# The Lennard-Jones simulator

### Stuart Lynn (s.lynn@sms.ed.ac.uk), the School of Physics at the University of Edinburgh.

Introduction

This applet simulates a Lennard-Jones interacting substance. In the Lennard-Jones model each particle is considered a point mass that interacts with other particles via a long range attraction short range repulsive force. The simulation can be set up with different densities and initial energies and the motion of the particles investigated. Cooling of the sample can also be introduced so that transition from gas to liquid to solid can be observed. At each stage the radial distribution function of the substance, which gives a plot of the mean number of particles as a function of the distance from a reference particle (and so gives a measure of the order/disorder of the substance) can be observed.

Underlying Physics
The model this applet simulates was proposed as an improvement to the ideal gas. Unlike the ideal gas model particles can interact and exchange energy and interact through the .This applet simulates a Lennard-Jones interacting substance. In the Lennard-Jones model each particle is considered a point mass that interacts with other particles via a long range attraction short range repulsive force. Lennard-Jones potential. This potential is a good model for many substances as it describes the long range attractions (ie van der wals forces) and short range hard sphere repulsion from like charges in the nucleus.

Exercises
1. Experiment with different initial densities and energies, try to see how the particles arrange themselves about each other. Is it the same for high and low limits?
2. Again experiment with different settings but this time turn on the RDF display and try and spot different behaviors of the radial distribution function.
3. Set up the simulation with the highest density and with a medium energy. Start the simulation off and note both the behavior of the particles and the RDF. Now turn on cooling and watch what happens to both the particles and the RDF over time. Do the particles become more or less ordered with time and how is this reflected in the RDF?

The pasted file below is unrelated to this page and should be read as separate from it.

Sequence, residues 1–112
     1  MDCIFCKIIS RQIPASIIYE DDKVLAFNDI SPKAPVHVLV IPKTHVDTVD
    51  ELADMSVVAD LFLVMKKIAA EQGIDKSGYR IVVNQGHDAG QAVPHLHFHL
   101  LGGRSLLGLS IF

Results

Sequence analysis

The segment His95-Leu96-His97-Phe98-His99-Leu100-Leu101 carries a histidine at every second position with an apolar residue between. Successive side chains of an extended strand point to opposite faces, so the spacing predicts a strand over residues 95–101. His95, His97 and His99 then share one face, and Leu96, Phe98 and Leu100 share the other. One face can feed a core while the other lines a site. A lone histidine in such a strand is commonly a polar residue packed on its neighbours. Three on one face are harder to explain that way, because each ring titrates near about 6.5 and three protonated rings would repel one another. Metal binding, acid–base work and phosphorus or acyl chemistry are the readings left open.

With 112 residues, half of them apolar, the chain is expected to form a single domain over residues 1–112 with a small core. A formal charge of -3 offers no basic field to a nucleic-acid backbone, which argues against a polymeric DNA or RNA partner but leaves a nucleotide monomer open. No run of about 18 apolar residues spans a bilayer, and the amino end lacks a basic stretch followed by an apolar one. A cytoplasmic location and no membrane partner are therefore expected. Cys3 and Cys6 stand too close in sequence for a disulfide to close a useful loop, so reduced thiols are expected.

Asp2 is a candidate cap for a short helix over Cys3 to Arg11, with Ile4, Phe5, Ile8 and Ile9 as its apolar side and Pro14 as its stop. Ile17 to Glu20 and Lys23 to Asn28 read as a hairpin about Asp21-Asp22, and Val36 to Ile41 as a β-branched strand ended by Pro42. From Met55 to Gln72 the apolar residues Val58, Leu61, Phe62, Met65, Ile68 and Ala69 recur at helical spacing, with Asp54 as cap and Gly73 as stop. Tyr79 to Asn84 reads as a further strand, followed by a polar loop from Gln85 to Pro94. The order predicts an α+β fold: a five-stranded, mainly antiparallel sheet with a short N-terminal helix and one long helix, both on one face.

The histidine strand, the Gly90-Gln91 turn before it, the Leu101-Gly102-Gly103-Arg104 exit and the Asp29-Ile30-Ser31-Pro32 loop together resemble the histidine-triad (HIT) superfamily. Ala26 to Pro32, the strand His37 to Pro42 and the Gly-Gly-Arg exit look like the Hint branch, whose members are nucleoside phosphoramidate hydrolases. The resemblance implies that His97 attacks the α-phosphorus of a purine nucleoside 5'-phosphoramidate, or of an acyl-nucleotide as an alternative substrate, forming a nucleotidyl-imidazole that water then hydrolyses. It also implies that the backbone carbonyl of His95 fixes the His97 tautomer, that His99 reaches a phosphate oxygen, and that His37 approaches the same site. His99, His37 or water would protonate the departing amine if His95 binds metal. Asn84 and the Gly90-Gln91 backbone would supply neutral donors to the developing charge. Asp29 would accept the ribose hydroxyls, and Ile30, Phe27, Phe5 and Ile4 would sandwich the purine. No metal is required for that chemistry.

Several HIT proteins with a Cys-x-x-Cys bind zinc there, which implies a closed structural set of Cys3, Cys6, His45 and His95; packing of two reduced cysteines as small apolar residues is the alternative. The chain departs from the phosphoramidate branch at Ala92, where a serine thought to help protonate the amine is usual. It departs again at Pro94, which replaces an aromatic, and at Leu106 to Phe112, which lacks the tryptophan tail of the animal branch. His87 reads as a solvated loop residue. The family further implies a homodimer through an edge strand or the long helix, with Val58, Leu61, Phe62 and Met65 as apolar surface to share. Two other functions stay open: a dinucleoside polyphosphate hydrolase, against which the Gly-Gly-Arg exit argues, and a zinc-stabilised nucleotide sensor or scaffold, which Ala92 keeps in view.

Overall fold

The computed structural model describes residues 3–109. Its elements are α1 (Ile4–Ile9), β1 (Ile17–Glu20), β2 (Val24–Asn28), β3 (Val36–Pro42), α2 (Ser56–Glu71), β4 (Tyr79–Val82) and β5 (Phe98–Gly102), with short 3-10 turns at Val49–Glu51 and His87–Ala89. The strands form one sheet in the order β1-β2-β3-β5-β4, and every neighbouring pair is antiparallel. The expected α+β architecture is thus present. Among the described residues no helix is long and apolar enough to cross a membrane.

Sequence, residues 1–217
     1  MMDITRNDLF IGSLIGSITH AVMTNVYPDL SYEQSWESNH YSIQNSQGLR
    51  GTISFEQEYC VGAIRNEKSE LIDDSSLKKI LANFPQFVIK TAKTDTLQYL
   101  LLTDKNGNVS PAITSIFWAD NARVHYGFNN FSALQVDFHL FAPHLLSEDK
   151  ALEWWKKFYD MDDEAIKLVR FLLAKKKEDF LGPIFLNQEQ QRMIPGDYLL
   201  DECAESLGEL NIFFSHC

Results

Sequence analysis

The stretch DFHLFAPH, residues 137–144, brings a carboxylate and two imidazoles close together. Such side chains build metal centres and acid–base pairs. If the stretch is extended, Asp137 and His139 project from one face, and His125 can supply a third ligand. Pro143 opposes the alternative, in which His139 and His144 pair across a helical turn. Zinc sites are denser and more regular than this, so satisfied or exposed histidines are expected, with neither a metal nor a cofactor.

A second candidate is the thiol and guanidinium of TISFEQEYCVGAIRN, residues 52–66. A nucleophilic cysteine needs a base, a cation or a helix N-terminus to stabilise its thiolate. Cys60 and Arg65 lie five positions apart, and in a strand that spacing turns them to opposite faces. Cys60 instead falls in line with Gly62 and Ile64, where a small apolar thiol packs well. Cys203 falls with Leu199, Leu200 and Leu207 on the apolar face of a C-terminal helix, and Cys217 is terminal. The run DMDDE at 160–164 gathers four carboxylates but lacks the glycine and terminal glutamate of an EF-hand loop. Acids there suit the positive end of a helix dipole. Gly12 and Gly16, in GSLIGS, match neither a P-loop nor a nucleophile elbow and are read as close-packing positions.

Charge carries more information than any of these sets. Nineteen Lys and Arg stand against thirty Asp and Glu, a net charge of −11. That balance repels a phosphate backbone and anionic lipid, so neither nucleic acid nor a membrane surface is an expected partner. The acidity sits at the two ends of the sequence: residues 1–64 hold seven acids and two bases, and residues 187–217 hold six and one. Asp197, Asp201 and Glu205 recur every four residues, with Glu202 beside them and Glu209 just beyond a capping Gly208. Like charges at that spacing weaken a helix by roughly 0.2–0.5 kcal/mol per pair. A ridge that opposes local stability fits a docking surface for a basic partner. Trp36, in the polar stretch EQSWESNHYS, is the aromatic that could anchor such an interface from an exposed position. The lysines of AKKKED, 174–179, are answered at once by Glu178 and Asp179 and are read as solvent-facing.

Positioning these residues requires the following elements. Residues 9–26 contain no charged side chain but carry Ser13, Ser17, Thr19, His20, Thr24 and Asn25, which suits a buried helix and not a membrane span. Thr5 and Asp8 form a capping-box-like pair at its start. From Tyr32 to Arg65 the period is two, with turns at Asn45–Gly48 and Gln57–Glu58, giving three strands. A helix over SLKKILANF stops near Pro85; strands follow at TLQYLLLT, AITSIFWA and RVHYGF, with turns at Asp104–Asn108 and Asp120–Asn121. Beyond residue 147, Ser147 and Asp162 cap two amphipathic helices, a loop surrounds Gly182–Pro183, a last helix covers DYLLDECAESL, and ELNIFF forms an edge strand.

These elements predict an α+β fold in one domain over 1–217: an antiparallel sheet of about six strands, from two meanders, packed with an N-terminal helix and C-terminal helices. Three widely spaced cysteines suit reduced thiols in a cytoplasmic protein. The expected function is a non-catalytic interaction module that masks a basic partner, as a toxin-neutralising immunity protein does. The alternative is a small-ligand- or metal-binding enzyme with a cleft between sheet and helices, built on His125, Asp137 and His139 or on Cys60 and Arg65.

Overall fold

4. After a long time with cooling on pick one particle and count the number of surrounding particles it has. Do all the particles have the same number of surrounding particles? If this simulation was in 3D instead of 2D how would this number change? (hint think about having another 2D layer above and below the screen)
Requirements

To use the Lennard-Jones simulator applet, you require a web browser which a java plugin later than 1.2 (note it has not been tested with 1.2 - only 1.3.1 and 1.4), for example the latest JRE from Sun or Apple's JDK on Mac OS-X. You can also use the AppletViewer provided with your chosen JRE/JDK.
As this applet involves a lot of calculations per second, older computers may have some trouble running it at a useable speed. If this is the case reduce the density in the simulation and try again.

It is not recommended that you use a remote X-session to run this applet as it draws to the screen a lot and the resulting lag makes the animation jerky.

Installation

Unpack the applet - if it came with a group of other applets from the School of Physics at the University of Edinburgh, it should be in the Lennard-Jones subdirectory. Inside the directory should be some java code, classes and a number of html files, including an index.html which should contain links to this documentation, JavaDoc for the simulator and some pages with example configurations of the applet.

Usage

The provided html files give you some example configurations of the applet. You can set the size of this applet as usual. Below is an example html file which embeds a tabbed 600 pixels by 500 pixels version of the applet.

 ``` Lennard-Jones simulator applet ```

How the applet is used is up to the user - it could be used in lectures, embedded in online course material or any other use that could be conceived.

Known Bugs

1. There may be a graphical glitch in Graphics2D on OS-X.
2. The integrator which predicts the motion of the particles can sometimes go a bit funny as errors accumulate, this can sometimes result in the particles speeding up when they shouldn't. This effect normally does not effect the overall simulation